Additional Treatment After Surgery
Additional treatment can come with one of two approaches: treatment given as adjuvant therapy , or as salvage therapy . In the modern era, most additional treatment is given as salvage therapy because firstly this spares unnecessary treatment for men who would never experience recurrence, and secondly because the success rates of the two approaches appear to be the same.
Regardless of whether an adjuvant or salvage therapy approach is taken, the main treatment options following biochemical recurrence are:
- Radiotherapy this is the commonest approach. Because scans dont show metastatic deposits until the PSA is more than 0.5 ng/ml and because radiotherapy is more effective when given before this level is reached, the radiotherapy energy is delivered to the prostate bed. This is because we know that this is the commonest site of recurrence in most men, and that 80% of men treated in this way will be cured.
- Active surveillance this is appropriate for a very slowly-rising PSA in an elderly patient who has no symptoms.
- Hormonal therapy in many ways this is the least appealing option as it causes symptoms but does not cure anyone, although it does control the recurrence and lower the PSA.
Treatments For Recurrent Prostate Cancer
Recurrent prostate cancer is cancer that comes back after it has been treated. Recurrent prostate cancer is also diagnosed when theprostate-specific antigen level starts to rise quickly after initialtreatment but there are no other signs of cancer. This is called a biochemicalrecurrence or PSA failure.
The following aretreatment options for recurrent prostatecancer. Your healthcare teamwill suggest treatments based on your needs and work with you to develop atreatment plan. The type of treatment that you receive will depend on:
- the treatments youve already had
- where the cancer comes back
- whether the cancer has spread
- your overall healthand whether you have other illnesses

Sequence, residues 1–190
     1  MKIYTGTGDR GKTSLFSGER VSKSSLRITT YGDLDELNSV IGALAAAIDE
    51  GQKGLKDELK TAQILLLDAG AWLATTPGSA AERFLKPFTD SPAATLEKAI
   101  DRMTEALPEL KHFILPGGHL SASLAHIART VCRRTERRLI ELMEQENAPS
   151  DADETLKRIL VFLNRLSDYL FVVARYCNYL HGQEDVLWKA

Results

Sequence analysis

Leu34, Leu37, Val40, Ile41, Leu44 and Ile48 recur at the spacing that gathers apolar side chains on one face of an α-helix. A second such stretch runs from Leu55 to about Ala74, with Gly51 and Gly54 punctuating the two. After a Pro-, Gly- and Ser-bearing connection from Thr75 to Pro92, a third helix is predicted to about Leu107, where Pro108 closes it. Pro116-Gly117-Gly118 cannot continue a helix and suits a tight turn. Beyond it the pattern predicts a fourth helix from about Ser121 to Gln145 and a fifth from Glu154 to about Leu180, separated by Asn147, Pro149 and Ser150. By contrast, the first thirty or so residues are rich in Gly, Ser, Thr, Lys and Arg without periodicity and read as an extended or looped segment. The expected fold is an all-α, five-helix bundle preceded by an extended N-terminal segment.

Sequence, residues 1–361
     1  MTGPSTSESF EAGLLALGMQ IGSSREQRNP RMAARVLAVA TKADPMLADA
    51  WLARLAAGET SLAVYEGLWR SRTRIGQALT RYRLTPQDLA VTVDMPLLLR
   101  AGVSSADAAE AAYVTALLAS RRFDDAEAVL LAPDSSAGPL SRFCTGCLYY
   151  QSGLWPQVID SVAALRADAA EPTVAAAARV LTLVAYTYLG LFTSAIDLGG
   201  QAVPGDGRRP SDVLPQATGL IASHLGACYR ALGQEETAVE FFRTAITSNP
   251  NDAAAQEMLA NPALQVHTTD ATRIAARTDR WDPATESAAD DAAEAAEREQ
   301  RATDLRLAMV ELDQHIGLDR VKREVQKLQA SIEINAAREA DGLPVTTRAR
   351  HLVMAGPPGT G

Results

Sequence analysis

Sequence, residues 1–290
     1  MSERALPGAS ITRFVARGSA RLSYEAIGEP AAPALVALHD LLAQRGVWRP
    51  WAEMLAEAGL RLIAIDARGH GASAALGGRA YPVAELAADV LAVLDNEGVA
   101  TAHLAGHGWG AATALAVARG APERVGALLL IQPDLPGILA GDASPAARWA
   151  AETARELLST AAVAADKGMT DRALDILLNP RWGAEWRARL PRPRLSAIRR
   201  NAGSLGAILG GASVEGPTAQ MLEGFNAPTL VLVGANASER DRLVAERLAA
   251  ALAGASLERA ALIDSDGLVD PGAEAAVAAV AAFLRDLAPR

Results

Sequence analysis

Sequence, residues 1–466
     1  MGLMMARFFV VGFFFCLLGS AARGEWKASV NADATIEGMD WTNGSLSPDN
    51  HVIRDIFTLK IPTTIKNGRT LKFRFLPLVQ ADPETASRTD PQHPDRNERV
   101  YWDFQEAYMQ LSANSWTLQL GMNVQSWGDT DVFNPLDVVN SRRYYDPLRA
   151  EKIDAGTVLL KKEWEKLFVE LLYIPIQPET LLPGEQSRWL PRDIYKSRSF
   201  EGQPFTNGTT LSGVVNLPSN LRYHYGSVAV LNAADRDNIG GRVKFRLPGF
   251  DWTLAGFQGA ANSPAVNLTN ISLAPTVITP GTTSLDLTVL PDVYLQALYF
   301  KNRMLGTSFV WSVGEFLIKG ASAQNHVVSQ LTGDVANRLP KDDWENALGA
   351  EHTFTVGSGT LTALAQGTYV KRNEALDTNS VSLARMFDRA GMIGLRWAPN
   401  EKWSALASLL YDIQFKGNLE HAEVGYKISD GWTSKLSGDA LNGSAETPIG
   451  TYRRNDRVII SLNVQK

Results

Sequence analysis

- your age and life expectancy
- your personal preferences
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Side Effects From Radiation
Urinary symptoms from radiation treatment for prostate cancer are different from those caused by prostate surgery. Its more like a urinary tract infection-increased urgency and frequency, and men may some have bleeding or pain when they urinate, Calvaresi said. These problems often go away once treatment is complete.
Radiation also may cause bowel changes, such as constipation, loose stools or both. These can be managed by over-the-counter medication. Men may also see some blood in their stool during treatment-if so, let your health care provider know about this.
Men undergoing radiation are likely to have ED, but not immediately. It slowly sets in after radiation treatment, Calvaresi said. Treatments for radiation-related ED are the same as ED caused by prostate cancer surgery.
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Cvaccine Plus Radiation Therapy
Many patients with clinically localized prostate cancer develop biochemical failure despite excellent local therapy, perhaps due to occult metastatic disease. Thirty patients were randomized into vaccine plus radiotherapy or radiotherapy-only arms . Thirteen of 17 patients in the combination arm had increases in PSA-specific T cells of at least 3-fold versus no detectable increases in the radiotherapy-only arm . There was also evidence of de novo generation of T cells to well-described prostate-associated antigens not found in the vaccine, providing indirect evidence of immune-mediated tumor killing . Another study in men with localized prostate cancer investigated whether the vaccination with rV-PSA/rV-B7.1 prime and rF-PSA boosters induced immune responses to additional TAAs. Western blotting revealed treatment-associated autoantibody responses in 15 of 33 patients treated with vaccine + radiotherapy versus 1 of 8 treated with radiation alone.
BSBrock R. Baker, MD, MPHRonald C. Chen, in, 2016
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Life Expectancy And Localized Prostate Cancer
So how do these treatments affect life expectancy? In one study, researchers in Switzerland examined the treatment and outcomes of 844 men diagnosed with localized prostate cancer. They compared men who had been treated with prostatectomy, radiotherapy and watchful waiting and found that at five years from diagnosis, the type of treatment made little difference to survival. When the researchers went to 10 years from diagnosis, they did find a difference in survival based on treatment, but it was fairly small.
After 10 years, 83 percent of the men who had gotten a prostatectomy were still living, compared to 75 percent who had undergone radiotherapy and 72 percent who took a watchful waiting approach.